Course in Iñupiaq Land Use Values and Resources

Dancing, Singing, and Mask-making

One of the most wonderful and relaxing experiences on this trip was listening to the elders sing. They often sang as they did chores, but there was one night in particular that stood out. There had been some visitors from the village and we had our usually hearty feast.  As we were cleaning and doing the dishes, they started singing.  They didn't stop, and eventually it turned into an all out singing and dancing performance.

What I Learned:

-Willow and grass can be used as floors (the ground thaws out, and the grass gets very wet and muddy)

-Flowers can be used as underarm deodorant

-It is easy to lose track of the days

-Ice floes make the most incredibly beautiful sounds: floating icicles by the shore sounds like wind chimes, ice breaking in the distance sounds like rolling thunder

-I can go days without needing or wanting to look in the mirror

-Spilling an egg is good luck

-Ravens are good luck

-It can get hot in Alaska

-Eskimos aren't very shy or modest about their bodies, especially the elder women

-How bitingly cold Arctic water is

-There are different dialects of Inupiaq - this one is "Slope"

-If your grandparents die, you adopt new ones

-If someone dies, children are given the name of the person who died

-Never eat snow, your insides will freeze faster than your outside

-If your eye twitches, that means you will see someone you haven't seen in a long time

From Our Arctic Province by Henry W. Elliot (1886):

"The conventional coat of these people is the 'parka', made of marmot and muskrat-skins, or of tanned reindeer-hides, with enormous winter hoods, or collars, of dog-hair or fox-fur...  In winter the heavy hood-collar, or cowl, is fitted so as to be drawn over his entire head and pulled down to the eyes.  This parka is worn with singular ease and abandon: frequently the arms are withdrawn from the big, baggy sleeves and stowed under the waist-slack of the garment, leaving these empty appendages to dangle."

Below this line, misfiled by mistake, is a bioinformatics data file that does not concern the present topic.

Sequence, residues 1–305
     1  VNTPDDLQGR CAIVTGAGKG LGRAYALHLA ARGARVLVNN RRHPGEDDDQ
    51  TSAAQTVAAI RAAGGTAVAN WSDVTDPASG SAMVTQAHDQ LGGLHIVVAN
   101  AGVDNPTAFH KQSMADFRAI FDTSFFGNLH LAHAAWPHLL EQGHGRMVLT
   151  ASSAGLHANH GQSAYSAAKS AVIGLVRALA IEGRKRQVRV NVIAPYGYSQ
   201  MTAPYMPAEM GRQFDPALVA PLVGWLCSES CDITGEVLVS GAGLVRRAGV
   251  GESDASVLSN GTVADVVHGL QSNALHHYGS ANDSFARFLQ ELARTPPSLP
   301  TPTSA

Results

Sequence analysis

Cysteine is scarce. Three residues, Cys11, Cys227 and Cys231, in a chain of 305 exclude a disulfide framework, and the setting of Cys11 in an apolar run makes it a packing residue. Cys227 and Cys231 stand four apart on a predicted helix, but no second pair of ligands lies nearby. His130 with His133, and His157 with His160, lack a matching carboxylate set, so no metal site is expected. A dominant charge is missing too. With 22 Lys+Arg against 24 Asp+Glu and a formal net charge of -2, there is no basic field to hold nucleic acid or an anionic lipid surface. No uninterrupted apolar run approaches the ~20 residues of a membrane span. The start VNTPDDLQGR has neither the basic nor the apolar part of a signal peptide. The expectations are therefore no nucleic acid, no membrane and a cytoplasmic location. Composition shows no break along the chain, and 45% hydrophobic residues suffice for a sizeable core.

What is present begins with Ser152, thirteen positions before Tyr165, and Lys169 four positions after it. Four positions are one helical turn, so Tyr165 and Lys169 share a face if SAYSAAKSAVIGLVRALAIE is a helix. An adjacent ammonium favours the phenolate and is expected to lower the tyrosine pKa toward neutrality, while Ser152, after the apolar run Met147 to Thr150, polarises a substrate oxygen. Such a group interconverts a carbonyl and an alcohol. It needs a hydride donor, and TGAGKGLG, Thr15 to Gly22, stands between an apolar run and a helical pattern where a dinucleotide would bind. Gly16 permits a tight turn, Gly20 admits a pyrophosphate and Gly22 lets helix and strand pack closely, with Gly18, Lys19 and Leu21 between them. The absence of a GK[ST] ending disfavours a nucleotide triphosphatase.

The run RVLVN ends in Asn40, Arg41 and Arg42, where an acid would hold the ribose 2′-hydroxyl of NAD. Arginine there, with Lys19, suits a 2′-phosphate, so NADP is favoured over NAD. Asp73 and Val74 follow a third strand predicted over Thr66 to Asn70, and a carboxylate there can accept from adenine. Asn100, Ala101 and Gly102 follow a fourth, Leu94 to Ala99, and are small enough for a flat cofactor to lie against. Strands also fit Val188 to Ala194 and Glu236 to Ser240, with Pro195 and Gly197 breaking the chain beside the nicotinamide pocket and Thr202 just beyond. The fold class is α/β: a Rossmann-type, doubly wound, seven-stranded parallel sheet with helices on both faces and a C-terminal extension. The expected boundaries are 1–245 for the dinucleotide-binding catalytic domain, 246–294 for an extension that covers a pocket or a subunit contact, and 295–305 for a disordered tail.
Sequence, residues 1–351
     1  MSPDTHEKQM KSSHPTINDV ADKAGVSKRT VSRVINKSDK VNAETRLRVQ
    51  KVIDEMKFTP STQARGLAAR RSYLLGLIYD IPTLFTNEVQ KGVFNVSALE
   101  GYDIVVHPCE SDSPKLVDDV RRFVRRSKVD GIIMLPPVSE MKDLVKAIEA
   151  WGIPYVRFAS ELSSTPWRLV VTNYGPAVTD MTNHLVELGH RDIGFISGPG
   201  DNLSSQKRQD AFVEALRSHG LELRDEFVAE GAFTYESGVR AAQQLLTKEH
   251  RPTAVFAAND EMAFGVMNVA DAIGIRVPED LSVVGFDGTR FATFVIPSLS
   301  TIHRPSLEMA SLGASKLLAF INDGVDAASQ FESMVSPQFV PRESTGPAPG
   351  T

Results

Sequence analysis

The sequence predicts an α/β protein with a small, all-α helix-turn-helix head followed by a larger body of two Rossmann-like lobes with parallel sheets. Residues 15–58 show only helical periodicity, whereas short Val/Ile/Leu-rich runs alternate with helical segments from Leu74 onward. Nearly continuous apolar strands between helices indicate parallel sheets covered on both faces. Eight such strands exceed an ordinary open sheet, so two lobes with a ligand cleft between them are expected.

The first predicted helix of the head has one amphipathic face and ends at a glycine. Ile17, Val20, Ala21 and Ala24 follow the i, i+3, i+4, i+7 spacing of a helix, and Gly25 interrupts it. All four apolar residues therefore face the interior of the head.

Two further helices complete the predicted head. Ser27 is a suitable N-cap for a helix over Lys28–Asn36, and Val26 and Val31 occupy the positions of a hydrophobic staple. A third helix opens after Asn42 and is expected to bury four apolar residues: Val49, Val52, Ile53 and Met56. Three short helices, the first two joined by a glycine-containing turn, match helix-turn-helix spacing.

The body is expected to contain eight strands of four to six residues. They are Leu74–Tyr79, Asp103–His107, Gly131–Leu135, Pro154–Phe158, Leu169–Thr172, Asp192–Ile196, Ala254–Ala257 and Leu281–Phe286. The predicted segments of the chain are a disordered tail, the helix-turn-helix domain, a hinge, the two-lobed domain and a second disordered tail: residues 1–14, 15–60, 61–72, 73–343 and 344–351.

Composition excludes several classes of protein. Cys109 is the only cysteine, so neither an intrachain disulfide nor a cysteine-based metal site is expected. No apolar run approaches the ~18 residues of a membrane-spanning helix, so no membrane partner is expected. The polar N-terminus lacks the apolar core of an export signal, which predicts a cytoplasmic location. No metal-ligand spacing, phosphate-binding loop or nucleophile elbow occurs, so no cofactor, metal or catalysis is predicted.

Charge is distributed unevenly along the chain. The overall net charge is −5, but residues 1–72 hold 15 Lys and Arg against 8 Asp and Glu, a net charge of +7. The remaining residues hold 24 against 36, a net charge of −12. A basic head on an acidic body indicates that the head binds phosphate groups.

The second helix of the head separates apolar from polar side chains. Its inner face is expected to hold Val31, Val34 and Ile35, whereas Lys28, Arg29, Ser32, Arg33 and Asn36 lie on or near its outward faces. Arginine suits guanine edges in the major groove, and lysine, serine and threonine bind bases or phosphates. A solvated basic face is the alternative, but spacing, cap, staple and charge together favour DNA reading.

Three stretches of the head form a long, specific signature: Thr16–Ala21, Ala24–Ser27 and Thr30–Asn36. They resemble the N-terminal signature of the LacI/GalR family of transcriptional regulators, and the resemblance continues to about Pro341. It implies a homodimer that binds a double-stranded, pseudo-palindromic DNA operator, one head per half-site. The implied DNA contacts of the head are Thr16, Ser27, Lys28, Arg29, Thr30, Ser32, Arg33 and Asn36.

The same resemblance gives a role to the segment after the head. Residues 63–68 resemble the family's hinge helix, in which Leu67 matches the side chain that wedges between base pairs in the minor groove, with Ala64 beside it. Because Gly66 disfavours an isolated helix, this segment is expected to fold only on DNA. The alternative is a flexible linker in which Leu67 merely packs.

From Ethnological Results of the Point Barrow Expedition by John Murdoch (1892):

"The custom of tattooing is almost universal among the women, but the marks are confined almost exclusively to the chin and form a very simple pattern."

From Ethnological Results of the Point Barrow Expedition by John Murdoch (1892):

"The music was furnished by the usual orchestra of old men, who beat drums and sang a monotonous song... The only musical instrument in use among these people is the universal drum or tambourine, consisting of a membrane stretched over a hoop with a handle on one side, and used from Greenland to Siberia.  It is always accompanied by the voice singing or chanting."

From The Eskimos: Their Environment and Folways by Edward Moffat Weyer, Jr., Ph.D. (1932):

"The skin of the caribou is adaptable as clothing, particularly for winter usem while the sinew of the back and legs is highly satisfactory as thread."

 

From The Eskimo of North Alaska by Norman A. Chance (1966):

"Caribou is the most significant land mammal regularly hunted.  Traditionally it provided a variety of food, sinew for sewing, antlers for implements, and skins for clothing, tents, and bedding.  Meat and skin were the most important of these items, with skin serving for clothing up to the present day."